I recently decided to remodel a few “simple” things around the house. First item on the list: replacing my old shower door with a frameless one. Little did I know, that would require the services of a plumber and ceramic tiler before the glass could be installed.
Next up: replacing the foyer chandelier. The easy part was selecting the new one; then I had to schedule the electrician. I called one company three times over a two-week period before finally getting a call back. By then, I had decided to look elsewhere. Kudos to Koener Electric, who not only called back within the hour, but scheduled the work within a few days.
When the sump pump backs up, who is the most important person in your life? The plumber, of course. It’s always fun to meet with the decorator, but without the plasterer, floorlayer, cabinetmaker and electrician, the decorator’s job can’t be done.
I have the utmost respect for the skilled tradespeople. While working on this issue, we celebrated Labor Day, and our laborers have been very much on the mind. But as a recent Newsweek article pointed out, “It was the bleakest Labor Day since at least the 1980s.” Whether we’re still in recession or a “jobless recovery,” times remain tough.
“Poor job growth has been the norm during the last two recoveries,” adds James C. Cooper in BusinessWeek, and “the same pattern may be shaping up this time.” And yet, according to Joshua Cooper Ramo of Kissinger Associates, roughly one million high-skilled jobs in this country remain unfilled. A structural shift in the economy has produced a serious divide between the skills of unemployed workers and the skills required to fill these jobs.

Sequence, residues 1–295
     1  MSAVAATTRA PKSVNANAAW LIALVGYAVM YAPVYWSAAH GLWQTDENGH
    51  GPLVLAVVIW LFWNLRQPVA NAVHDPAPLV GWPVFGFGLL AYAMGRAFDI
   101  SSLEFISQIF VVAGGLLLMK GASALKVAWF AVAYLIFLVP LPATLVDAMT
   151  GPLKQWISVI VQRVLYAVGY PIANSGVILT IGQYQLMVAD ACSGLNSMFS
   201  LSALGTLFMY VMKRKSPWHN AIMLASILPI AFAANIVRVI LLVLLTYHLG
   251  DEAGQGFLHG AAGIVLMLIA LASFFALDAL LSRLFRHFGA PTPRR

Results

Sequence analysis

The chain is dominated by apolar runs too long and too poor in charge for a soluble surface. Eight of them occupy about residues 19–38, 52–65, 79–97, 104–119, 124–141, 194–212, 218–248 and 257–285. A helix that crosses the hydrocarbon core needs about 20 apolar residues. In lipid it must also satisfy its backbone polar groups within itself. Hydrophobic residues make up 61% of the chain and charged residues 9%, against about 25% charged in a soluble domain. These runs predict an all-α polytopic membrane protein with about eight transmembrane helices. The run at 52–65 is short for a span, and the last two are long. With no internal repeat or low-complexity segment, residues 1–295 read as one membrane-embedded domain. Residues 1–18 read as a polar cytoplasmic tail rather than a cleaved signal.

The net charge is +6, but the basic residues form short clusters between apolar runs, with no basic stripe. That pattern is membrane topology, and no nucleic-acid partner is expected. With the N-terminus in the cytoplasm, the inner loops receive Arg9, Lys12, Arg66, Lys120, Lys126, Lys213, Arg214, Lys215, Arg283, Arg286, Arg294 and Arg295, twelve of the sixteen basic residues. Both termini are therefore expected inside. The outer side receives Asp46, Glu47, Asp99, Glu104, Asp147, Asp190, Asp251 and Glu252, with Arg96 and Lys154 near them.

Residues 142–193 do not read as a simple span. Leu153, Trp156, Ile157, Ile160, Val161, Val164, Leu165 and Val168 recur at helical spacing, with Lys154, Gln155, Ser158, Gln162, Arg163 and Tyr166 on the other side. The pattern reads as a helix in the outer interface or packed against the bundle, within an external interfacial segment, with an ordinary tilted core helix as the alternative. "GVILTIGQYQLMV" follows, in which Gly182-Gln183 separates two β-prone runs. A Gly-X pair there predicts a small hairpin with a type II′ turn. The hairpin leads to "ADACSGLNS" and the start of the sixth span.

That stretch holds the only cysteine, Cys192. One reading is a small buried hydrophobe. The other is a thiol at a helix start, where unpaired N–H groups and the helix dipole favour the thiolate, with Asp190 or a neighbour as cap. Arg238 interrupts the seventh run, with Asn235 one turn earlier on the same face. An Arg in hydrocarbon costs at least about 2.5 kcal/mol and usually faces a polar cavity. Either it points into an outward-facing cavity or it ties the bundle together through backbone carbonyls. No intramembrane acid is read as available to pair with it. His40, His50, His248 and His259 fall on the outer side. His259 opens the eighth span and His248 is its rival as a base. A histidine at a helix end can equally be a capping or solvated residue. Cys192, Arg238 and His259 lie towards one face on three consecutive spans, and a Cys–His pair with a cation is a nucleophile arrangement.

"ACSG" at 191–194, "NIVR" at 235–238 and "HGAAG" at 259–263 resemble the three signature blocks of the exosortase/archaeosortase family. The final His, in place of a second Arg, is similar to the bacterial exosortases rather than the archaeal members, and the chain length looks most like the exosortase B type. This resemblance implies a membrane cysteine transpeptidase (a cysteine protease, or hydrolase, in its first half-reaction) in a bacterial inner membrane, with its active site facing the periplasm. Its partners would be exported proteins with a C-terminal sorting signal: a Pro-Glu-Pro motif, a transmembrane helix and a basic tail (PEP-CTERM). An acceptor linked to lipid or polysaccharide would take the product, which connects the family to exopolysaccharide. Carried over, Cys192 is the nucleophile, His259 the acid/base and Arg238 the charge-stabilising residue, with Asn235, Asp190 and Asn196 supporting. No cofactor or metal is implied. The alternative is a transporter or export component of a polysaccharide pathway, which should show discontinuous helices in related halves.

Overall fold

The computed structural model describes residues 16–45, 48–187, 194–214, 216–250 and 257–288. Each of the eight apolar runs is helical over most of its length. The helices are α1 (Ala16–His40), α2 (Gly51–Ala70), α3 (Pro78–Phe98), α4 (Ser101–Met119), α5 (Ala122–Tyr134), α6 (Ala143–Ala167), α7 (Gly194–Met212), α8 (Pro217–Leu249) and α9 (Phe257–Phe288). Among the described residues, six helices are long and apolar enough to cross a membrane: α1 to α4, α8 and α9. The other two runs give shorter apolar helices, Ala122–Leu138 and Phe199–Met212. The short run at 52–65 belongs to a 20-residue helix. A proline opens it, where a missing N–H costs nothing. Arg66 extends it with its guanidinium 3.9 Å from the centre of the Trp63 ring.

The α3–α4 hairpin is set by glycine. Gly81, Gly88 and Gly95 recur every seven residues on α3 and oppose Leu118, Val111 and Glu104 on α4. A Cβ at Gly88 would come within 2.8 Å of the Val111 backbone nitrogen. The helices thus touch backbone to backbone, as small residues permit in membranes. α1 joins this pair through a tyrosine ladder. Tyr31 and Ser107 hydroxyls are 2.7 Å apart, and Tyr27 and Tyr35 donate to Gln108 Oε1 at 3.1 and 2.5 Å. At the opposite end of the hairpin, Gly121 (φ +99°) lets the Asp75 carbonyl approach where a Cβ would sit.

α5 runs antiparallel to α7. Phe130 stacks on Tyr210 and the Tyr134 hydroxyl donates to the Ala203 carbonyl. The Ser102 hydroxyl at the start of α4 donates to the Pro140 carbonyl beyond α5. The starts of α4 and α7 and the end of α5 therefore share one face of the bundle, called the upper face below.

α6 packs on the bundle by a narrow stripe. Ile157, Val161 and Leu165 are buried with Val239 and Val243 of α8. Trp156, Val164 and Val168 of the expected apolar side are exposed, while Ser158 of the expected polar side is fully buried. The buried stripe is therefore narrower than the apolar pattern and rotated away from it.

Mike Rowe, host of the cable television show “Dirty Jobs,” claims, “We’ve convinced ourselves that ‘good jobs’ are the result of a four-year degree. That’s bunk. Not all knowledge comes from college. Skill is back in demand. Steel-toed boots are back in fashion.”
So while the high-tech “knowledge economy” offers one track for the jobs of the future, it is becoming clearer and clearer that the skilled trades—jobs which cannot be lost to global outsourcing—present an equally viable and lucrative path. A recent Journal Star headline read: “Recent college grads having tough time finding job in chosen field, or any full-time work at all.” And just beneath that story? “More people seek technical retraining…enrollment in skilled-trade classes up in downturn.”
No one disputes the value of a college education, but it’s not right for everyone. It’s apparent to many that, over the last two decades, the public education system has become too entrenched in a one-size-fits-all mentality. Slowly but surely, that appears to be changing—witness, for example, the industrial/sustainable technology academy brought this year to Peoria’s Manual High School as part of that school’s restructuring. Even so, I fear that the system as we know it is not keeping up with the lightning-quick changes that are shaping today’s global economy.
The sluggish recovery may foreshadow anemic job growth for some time to come. It’s imperative that we shrink that skills gap and rethink our roadmaps to careers—this nation’s ability to bounce back to prosperity may well depend on it. iBi